Migrants a concern for Germans and Swedes, polls reveal

Polls in both countries reveal tougher stance on foreign nationals

Sweden and Germany seem like the last places in Europe where populist, anti-immigration politics could take root: Sweden because of its liberal social identity, Germany because of its burdened history.

Neither country was hard-hit by the recent economic crisis yet, in both countries, taking a hard line against immigration now seems a political formula with potential. That was the lesson on Sunday evening when results in German and Swedish elections showed dramatic leaps into double digits for parties hoping to radicalise debate.

The Sweden Democrats (SD) became that country's third-largest party, more than doubling its support to 12.9 per cent while the Alternative für Deutschland (AfD) polled 10 and 12 per cent respectively in state elections in Thuringia and Brandenburg.

The AfD was founded last year as a critic of the EU's euro crisis solutions and narrowly missed entering the Bundestag last year. The SD, meanwhile, dates back to 1988, and evolved from far-right organisations with neo-Nazi roots and entered parliament with 5.7 per cent for the first time in 2010. Yet, for all their differences, the similarities are striking.


The AfD and SD have conservative DNA yet say old left/right definitions don’t apply to them. They are coming from different places – the SD the far-right, the AfD political obscurity – yet are determined to converge on the same point: the political mainstream. Ahead of Sunday’s poll, the SD toned down its nationalist, xenophobic rhetoric in favour of a social conservative profile.

But its headline vote-winners were to cut immigration by 90 per cent, ban “professional begging” and single out Islam as the religion “which has proven itself to have the most difficulty to harmoniously coexist” with Swedish culture. But it competed with the centre-left, too, on its core theme: a demand to reverse reforms in which schools transformed into state-funded, for-profit private entities.

Political extremes

The AfD was originally mocked as the “professor party” for its dry economist leader,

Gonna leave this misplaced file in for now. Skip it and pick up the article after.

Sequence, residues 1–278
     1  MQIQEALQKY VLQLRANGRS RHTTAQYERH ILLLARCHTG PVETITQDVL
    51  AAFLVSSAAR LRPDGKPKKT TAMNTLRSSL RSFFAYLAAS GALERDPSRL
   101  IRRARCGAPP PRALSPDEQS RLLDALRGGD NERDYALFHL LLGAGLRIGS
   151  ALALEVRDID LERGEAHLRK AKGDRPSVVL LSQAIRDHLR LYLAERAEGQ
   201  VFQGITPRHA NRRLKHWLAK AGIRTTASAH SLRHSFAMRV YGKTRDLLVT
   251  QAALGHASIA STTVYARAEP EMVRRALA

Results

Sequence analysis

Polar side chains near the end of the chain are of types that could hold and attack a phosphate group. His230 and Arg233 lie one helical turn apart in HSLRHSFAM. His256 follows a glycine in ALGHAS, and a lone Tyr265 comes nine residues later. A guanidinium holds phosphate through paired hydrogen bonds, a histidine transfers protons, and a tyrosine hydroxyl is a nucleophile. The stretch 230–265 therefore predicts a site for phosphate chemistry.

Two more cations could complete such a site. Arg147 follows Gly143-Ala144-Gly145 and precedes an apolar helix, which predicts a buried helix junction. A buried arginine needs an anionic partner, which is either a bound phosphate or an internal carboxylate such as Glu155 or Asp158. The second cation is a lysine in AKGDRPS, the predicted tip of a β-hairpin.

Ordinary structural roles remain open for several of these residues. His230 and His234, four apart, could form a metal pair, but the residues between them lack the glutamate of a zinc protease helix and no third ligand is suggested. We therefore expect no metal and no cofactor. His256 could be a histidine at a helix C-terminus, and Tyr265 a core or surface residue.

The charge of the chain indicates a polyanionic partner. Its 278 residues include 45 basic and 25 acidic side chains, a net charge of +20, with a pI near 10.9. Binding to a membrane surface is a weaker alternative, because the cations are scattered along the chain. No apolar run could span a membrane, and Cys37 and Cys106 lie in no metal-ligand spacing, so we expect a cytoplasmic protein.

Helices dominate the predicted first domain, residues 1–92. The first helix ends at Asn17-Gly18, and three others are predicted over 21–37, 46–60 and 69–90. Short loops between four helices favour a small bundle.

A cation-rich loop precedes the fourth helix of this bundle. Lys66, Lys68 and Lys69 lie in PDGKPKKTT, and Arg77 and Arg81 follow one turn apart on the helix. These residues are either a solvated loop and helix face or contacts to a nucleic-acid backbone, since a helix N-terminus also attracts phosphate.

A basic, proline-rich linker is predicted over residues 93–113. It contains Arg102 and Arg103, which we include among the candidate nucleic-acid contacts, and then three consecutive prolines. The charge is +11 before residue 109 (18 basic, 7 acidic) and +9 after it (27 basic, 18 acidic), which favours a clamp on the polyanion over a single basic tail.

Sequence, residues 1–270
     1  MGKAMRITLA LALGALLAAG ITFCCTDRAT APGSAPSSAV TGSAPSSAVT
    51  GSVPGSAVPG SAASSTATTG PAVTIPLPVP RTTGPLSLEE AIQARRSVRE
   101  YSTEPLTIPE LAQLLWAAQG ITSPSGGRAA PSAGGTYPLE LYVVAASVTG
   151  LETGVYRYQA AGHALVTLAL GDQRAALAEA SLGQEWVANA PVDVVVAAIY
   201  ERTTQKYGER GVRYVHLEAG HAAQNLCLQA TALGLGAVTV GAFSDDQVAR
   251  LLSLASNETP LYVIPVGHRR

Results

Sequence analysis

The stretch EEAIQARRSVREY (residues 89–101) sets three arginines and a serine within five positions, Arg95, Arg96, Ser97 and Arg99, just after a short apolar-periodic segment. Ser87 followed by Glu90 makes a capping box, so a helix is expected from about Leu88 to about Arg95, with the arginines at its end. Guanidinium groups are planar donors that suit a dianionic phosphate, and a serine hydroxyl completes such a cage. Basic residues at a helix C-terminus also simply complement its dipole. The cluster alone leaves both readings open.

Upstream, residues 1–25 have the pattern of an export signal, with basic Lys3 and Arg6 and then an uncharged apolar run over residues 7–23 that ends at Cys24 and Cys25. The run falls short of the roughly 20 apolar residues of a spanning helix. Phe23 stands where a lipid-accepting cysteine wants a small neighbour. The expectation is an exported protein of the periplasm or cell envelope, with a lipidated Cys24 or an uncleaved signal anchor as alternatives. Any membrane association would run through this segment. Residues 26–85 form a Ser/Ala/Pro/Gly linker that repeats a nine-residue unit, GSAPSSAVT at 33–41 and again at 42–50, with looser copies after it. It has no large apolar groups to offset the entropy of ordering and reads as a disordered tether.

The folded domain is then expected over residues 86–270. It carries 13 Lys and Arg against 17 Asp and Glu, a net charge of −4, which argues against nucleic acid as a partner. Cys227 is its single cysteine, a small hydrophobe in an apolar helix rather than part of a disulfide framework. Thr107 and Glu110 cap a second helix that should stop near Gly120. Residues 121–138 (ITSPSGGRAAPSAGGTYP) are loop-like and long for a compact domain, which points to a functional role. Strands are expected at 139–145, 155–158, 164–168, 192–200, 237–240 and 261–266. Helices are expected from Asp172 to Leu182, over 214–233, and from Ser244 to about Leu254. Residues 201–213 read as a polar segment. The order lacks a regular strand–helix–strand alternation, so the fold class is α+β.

Bernd Lucke

, and large number of academics, disillusioned conservatives from the Christian Democrats (CDU) and liberals fleeing the failing Free Democrats (FDP). Its euro-critical general election campaign last year pulled in 4.7 per cent support but its state election campaigns took a wider focus, demanding greater social spending while making a play for political extremes.

Pursuing hard-right voters, it demanded referendums on mosque minarets; non-voters and older eastern voters were wooed with AfD praise for East Germany as a safer place than border regions today. Like the SD, the AfD pushed the immigration issue, warning against “people who don’t fit with our cultural development and . . . who contribute nothing to this country”. One AfD official said immigration endangered “German identity” in Thuringia – a state with a non-German quota of 1.8 per cent.

The AfD denies it is stirring up fear, insisting its critical stance on immigration addresses a voter concern mainstream parties ignore. Here the AfD overlap with the SD is greatest, given both Germany and Sweden face record immigration.

Taboo subject The reaction from mainstream politicians has been telling. Outgoing Swedish prime minister Fredrik Reinfeldt demanded a debate about

immigration costs, breaking an old political taboo, while Angela Merkel’s Berlin government has drafted new laws to tackle migrant welfare fraud.

While adapting their politics quietly to the new challengers, German and Swedish political leaders still insist they will refuse to deal with them. On Monday in Stockholm, Social Democrat leader Stefan Lövfen – the likely future prime minister – promised to isolate and ignore the SD. In Berlin, the chancellor's post-election response was classic Merkelese: "We are in agreement that the best answer to the AfD is, of course, the good work that we have to do where we are in power."

Just to tackle the new challengers in Sweden and Germany is proving a political riddle, given post-election analysis indicated both the SD and AfD pulling in support across the political spectrum. In Sweden, some centre-right politicians have mused about reaching out to the SD to tame them.

In Germany, centrist CDU calls for a similar approach with the AfD – at least at federal state level – have been challenged by CDU conservatives demanding an all-out attack. Not challenging the AfD, they warned, would contribute to the AfD “pendulum swinging further to the right”.